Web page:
So, imagine how the sun shone and the angels sung in my world when I saw the Alteryx version 10.5 release announcement.

…Alteryx Analytics 10.5 introduces new connectors to Google Sheets, Adobe Analytics, and Salesforce – enhancing the scope of data available for analytic insights

I must admit that I had had high hopes that this would happen, insomuch as when looking at the detailed schedule agenda for this year’s Alteryx Inspire conference (see you there?) I noticed that there was mention of Adobe Analytics within a session called “How to process and visualise data in the cloud”. But yesterday it actually arrived!

It must be said that the setup is not 100% trivial, so below I have outlined the process I went through to get a successful connection, in case it proves useful for others to know.

Firstly, the Adobe Analytics data connector is not actually automatically installed, even when you install even the full, latest version of Alteryx. Don’t let this concern you. The trick is, after you have updated Alteryx to at least version 10.5, is to go and download the connector separately from the relevant page of the Alteryx Analytics gallery. It’s the blue “Adobe Analytics install” file you want to save to your computer, there’s no need to press the big “Run” button on the website itself.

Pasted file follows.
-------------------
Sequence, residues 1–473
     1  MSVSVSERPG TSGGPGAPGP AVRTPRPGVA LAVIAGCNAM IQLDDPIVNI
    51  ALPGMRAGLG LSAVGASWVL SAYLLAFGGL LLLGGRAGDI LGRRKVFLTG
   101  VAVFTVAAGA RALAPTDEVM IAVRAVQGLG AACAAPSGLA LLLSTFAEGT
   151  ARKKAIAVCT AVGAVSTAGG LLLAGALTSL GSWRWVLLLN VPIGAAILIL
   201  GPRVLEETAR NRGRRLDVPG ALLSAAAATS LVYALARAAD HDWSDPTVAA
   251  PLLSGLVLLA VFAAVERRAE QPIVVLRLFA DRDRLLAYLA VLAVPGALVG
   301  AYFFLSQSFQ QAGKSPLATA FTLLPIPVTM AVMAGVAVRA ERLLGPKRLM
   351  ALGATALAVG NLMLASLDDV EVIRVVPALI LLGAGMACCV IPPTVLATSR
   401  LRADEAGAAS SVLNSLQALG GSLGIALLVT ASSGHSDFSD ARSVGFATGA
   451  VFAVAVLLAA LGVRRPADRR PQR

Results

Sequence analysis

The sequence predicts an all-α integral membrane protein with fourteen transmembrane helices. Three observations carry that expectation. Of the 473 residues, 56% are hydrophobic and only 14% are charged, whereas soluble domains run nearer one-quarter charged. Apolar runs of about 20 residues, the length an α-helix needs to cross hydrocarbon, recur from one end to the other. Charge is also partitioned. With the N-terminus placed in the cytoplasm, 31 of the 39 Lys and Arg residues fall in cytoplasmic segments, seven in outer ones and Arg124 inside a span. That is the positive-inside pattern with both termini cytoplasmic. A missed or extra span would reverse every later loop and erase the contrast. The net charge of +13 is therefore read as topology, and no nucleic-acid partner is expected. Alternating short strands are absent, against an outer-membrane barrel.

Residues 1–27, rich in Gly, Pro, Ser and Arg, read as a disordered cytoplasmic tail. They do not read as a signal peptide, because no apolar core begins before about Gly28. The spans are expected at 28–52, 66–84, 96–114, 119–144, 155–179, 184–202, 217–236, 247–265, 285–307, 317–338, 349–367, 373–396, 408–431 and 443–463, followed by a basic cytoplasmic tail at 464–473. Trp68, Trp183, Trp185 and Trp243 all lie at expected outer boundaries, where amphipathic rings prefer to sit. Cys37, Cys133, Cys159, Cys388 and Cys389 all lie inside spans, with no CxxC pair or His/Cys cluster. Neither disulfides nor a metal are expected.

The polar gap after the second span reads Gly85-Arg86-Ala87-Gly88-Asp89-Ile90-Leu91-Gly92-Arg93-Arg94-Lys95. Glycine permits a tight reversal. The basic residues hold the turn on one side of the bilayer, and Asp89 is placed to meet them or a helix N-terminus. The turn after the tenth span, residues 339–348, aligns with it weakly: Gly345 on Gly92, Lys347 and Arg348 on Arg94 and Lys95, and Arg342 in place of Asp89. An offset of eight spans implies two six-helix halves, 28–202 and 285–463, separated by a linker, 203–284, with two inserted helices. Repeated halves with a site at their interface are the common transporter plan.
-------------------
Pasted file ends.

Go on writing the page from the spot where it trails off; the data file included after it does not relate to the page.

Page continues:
(If you don’t already have one, you may have to create a Alteryx gallery user account first, but that’s easy to do and free of charge, even if you’re not an Alteryx customer. And whilst you’re there, why not browse through the manifold other goodies it hosts?).

You should end up with a small file called “AdobeAnalytics.yxi” on your computer. Double click that, Alteryx will load up, and you’ll go through a quick and simple install routine.


CaptureOnce you’ve gone through that, check on your standard Alteryx “Connectors” ribbon and you should see a new tool called “Adobe Analytics”.

Just like any other Alteryx tool you can drag and drop that into your workflow and configure it in the Configuration pane. Once configured correctly, you can use it in a similar vein to the “Input data” tool.

The first thing you’ll need to configure is your sign-in method, so that Alteryx becomes authorised to access your Adobe Analytics account.

This isn’t necessarily as straightforward as with most other data connectors, because Adobe offers a plethora of different types of account or means of access, and it’s quite possible the one that you use is not directly supported. That was the case for me at least.